Question: In a bacon and egg breakfast, what’s the difference between the chicken and the pig?
Answer: The chicken is involved, but the pig is committed.
Most of the time, being called a pig is not a compliment. But if clients think you are a pig, it is the ultimate seal of approval.
The caller ID flashed on the ringing phone and Jonathan, the Chief Legal Officer of a Fortune 100 company, immediately tensed. The display showed 10:06 AM and Jonathan knew the number was his law school buddy, Lori, now working at the Securities and Exchange Commission. Jonathan picked up the receiver and said a friendly hello.
Lori shared pleasantries, but the tone quickly changed. Lori informed Jonathan that the agency, after months of study, was preparing to launch a formal investigation into the company's accounting practices. Immediately, Jonathan envisioned the disclosures, the inevitable drop in the stock price of his company, the exodus of customers, and the harsh scrutiny of the company’s shareholders. His face went white thinking of the bill attached to managing the investigation and follow-up rulings.
Jonathan wanted to move quickly and decisively. Once he hung up with Lori, he immediately called his go-to legal advisor, Bart. Bart was a litigator at one of the 20 largest law firms in the world. The 2 had worked together for more than 15 years and there was no voice Jonathan wanted to hear more. When Bart picked up the phone, Jonathan shared the news.
Bart, understanding the gravity of the situation, shared his sympathies and quickly reminded Jonathan, “SEC and accounting investigations aren’t in my wheelhouse. However, I don’t want you to worry. Last year, we brought on a new partner who has tremendous experience in these types of matters.” Bart went on, “This guy is based out of our West Coast office, so he’s a few hours behind us. I’ll give his assistant a ring and have an appointment scheduled for the 3 of us as quickly as possible.” Before they hung up, Bart confided, “Now, please understand. This partner’s going rate starts at $1,100 an hour—I just want you to be prepared for a little sticker shock.”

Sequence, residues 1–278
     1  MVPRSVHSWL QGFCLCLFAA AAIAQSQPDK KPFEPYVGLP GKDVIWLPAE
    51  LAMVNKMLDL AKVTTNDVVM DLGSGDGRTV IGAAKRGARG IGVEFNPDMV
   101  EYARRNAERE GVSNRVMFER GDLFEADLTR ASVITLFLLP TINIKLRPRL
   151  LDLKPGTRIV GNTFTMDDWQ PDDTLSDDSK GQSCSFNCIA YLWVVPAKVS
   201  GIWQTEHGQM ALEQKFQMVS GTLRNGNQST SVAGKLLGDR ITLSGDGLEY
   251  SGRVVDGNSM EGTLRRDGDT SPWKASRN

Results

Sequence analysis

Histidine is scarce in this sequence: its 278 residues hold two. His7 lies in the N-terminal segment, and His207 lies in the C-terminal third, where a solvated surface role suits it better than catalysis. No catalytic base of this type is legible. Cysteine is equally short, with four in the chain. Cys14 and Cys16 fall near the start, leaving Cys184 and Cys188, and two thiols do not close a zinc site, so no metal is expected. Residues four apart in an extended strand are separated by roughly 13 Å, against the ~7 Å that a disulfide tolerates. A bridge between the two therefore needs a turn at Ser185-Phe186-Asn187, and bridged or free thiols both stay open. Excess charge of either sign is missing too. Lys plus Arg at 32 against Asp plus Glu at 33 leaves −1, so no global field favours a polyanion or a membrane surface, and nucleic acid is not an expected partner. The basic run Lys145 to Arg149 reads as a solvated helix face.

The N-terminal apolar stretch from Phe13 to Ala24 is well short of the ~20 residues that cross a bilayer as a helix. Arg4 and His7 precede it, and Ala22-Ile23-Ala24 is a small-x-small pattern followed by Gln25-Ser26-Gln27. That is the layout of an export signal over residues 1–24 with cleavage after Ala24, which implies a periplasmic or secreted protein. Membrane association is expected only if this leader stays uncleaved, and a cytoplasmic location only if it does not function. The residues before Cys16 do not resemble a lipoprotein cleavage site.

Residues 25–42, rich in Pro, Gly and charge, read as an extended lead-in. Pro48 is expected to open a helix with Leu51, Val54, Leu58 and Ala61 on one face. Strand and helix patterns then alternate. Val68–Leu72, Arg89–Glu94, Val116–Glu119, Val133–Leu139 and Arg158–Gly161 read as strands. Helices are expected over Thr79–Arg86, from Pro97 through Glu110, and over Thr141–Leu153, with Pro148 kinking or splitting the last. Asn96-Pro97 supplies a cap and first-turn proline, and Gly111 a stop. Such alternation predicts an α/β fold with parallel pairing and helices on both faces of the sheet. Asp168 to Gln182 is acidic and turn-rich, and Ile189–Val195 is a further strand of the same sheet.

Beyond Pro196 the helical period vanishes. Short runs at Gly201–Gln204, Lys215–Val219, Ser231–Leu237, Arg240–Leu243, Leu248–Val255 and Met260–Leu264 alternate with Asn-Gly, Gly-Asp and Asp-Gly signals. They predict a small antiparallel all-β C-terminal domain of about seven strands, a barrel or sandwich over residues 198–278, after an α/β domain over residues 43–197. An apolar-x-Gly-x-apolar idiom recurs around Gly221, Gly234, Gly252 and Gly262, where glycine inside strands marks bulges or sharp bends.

The 2 hung up. Jonathan stared at the phone, afraid it would ring again. He knew his CEO would be calling any minute demanding an action plan and Jonathan had nothing. He reached for the phone and dialed Deborah, another attorney he had worked with recently on a handful of major matters. Jonathon hoped Deborah would have some quick advice for him.
Once patched through to Deborah, Jonathan begain retelling the details of the SEC decision. Deborah quietly listened and afterwards asked if she could put Jonathan on hold for a few minutes. Jonathan placed the call on speaker, muted the line, and responded to a handful of emails while he waited. 11 minutes later, Deborah returned to the line and introduced Jonathan to Gary and Susan—2 experienced SEC attorneys ready to start brainstorming next steps with Jonathan.
Post Script: Later in the afternoon, Bart's assistant called back to schedule a meeting between Jonathan, Bart, and their West Coast SEC attorney. Jonathan was on his second conference call with Deborah and her partners and didn’t return the call.
Jonathan ultimately spent more than $33 million dollars with Deborah's firm.
This a true story and one I’ve heard many times—admittedly on a smaller scale than in the tale of Jonathan and Bart.
Poor Bart. He’s a pig in hiding. His heart was in the right place, but he sent out a bevy of unintended messages suggesting he was a chicken.
Commitment to help is the single most important factor to C-level executives when they evaluate and hire professional services firms.
Your commitment to help clients will make—or break—the most meaningful client relationships.
Do your clients see you as a pig or a chicken?
In order to prove your pig-ness, a professional must go beyond the boundaries of a typical commercial relationship. Call it engagement, investment, or commitment—clients want you to match (or exceed) their own levels of:
- Perceived investment of time, money, and psychic energy
While Deborah, in the above anecdote, addressed Jonathan’s most pressing need in an urgent manner, Bart was talking about rates and overlooked the client’s need for immediate action. Bart was being helpful, not committed.
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